Ne Change Rien (Change Nothing) unfurls in slow motion glory like the opening of a flower to meet the morning sun. And thanks to the attentive, fly-on-the-wall presence of filmmaker Pedro Costa, we're front and center for the blooming of actress/musician Jeanne Balibar's second album as she and the musicians working with her conceive and record the songs that populate it.
As a music documentary, Ne Change Rien operates far outside the standard, exposition-filled format that most viewers have come to expect from the genre. With the exception of a few exchanges between the musicians and a spare aside or two to the camera, Balibar and her band are entirely focused on the task at hand, all while Costa's cameras silently capture the act of creation as it occurs. Those unfamiliar with Balibar's vocal delivery will find it resides pleasantly somewhere in the neighborhood of Brigitte Fontaine, Marianne Faithfull, and, at its most dramatic moments, Nico. The surprising derivation from that mode of vocalization: when we're privy to Balibar's opera rehearsals and lessons with her private voice instructor.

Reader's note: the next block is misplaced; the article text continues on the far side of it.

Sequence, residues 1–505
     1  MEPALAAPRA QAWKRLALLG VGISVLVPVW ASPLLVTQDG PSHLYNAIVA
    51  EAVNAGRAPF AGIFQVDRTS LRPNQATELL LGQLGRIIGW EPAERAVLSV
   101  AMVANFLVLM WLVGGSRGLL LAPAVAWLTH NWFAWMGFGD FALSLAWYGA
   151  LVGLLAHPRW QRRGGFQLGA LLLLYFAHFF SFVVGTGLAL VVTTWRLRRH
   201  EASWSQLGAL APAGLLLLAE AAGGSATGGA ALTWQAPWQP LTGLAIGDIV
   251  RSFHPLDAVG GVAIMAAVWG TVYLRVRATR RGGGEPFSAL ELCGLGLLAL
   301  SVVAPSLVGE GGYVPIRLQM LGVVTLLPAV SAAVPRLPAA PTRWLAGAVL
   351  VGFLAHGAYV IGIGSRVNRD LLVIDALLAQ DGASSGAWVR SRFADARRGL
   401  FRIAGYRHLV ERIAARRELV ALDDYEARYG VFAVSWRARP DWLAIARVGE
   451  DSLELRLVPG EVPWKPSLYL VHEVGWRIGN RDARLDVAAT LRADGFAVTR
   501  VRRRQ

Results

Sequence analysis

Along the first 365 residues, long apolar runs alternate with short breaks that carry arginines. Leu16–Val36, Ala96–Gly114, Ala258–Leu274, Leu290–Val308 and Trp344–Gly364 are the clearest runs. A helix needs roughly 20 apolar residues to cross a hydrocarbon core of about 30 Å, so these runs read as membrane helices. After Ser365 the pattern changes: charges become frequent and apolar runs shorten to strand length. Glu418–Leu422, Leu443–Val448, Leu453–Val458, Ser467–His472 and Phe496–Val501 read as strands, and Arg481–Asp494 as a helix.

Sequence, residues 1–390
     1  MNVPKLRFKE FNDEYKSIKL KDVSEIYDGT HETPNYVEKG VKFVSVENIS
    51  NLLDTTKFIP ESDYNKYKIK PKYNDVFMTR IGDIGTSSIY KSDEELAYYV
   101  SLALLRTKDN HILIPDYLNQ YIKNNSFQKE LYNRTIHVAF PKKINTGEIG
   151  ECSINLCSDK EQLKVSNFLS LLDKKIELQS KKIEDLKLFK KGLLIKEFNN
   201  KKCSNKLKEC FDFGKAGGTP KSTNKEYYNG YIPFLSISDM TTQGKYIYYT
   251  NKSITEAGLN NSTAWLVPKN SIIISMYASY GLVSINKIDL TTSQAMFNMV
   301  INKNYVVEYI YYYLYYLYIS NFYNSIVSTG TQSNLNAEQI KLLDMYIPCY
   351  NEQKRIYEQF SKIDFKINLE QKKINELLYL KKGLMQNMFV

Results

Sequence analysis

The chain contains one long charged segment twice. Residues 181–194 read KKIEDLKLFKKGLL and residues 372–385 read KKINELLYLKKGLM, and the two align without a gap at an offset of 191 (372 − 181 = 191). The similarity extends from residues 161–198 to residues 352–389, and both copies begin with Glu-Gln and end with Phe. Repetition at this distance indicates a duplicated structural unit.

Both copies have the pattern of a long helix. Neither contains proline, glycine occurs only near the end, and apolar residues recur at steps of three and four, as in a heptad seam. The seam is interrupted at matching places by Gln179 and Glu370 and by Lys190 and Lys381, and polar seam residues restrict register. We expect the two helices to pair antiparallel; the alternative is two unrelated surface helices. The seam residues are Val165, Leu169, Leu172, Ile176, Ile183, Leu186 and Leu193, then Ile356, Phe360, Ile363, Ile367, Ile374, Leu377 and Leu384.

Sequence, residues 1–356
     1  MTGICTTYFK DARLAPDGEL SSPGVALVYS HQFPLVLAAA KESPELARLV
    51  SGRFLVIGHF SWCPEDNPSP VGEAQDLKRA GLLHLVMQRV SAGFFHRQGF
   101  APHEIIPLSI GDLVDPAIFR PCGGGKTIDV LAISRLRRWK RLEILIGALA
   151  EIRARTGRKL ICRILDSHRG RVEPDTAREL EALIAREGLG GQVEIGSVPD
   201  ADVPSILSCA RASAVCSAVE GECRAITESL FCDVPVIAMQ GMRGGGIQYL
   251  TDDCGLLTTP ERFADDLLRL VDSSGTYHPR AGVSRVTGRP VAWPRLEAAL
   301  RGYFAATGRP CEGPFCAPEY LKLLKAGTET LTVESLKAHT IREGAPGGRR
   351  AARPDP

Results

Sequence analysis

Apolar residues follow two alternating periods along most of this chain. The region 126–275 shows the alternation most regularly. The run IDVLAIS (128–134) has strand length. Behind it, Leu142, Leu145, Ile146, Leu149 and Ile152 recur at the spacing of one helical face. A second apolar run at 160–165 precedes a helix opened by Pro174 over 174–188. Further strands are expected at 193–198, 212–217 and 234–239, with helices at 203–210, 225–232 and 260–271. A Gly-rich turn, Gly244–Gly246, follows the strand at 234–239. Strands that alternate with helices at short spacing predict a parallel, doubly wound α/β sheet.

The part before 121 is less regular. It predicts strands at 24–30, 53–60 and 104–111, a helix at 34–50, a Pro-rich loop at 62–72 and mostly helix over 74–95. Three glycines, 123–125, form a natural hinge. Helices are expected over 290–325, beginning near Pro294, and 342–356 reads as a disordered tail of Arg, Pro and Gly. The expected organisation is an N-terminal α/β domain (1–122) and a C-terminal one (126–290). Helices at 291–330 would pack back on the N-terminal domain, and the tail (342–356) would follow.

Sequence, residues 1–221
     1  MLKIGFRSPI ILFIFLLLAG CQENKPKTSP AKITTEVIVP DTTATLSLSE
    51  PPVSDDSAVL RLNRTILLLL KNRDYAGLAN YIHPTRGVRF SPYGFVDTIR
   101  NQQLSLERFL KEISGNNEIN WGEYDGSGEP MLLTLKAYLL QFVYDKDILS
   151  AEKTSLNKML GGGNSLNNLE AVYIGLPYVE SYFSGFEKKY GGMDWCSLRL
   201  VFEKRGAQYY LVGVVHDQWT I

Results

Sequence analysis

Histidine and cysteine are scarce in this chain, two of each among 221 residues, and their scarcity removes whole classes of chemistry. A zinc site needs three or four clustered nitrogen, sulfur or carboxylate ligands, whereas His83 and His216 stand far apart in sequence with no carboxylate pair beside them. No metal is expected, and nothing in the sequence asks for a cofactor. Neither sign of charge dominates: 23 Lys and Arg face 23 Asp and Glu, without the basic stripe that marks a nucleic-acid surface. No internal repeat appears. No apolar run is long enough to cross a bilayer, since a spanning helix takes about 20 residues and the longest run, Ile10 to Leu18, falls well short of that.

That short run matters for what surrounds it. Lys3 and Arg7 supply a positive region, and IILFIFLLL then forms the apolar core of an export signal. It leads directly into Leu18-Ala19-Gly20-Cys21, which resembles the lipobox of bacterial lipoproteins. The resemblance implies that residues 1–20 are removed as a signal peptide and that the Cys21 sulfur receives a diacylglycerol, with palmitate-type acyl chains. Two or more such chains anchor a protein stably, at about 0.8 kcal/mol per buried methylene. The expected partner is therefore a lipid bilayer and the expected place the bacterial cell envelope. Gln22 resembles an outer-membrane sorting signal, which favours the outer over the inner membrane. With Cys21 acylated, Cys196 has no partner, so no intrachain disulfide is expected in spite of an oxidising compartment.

Costa shoots the action in exceptionally high-contrast images that, for the majority of the film, are swimming in darkness. The presence of black within the majority of each frame is so pervasive that it comes as a complete shock when the polarity shifts here and there, moving to compositions bathed in brilliant white. So dramatic is the shift, the band seems nearly naked in these moments, unprotected as they are by the shadows.
This is a breathtakingly beautiful film, one where the tone of the music and the look of the images are matched perfectly. It's an effortless study in intimacy and distance, among the best documentaries I've seen in recent times on the topic of the creative process. Highly recommended.
Ne Change Rien (Change Nothing) screens at the NW Film Center's Whitsell Auditorium (in the Portland Art Museum) on Friday, July 13th at 7pm and Sunday, July 15th at 5pm. More info available here.
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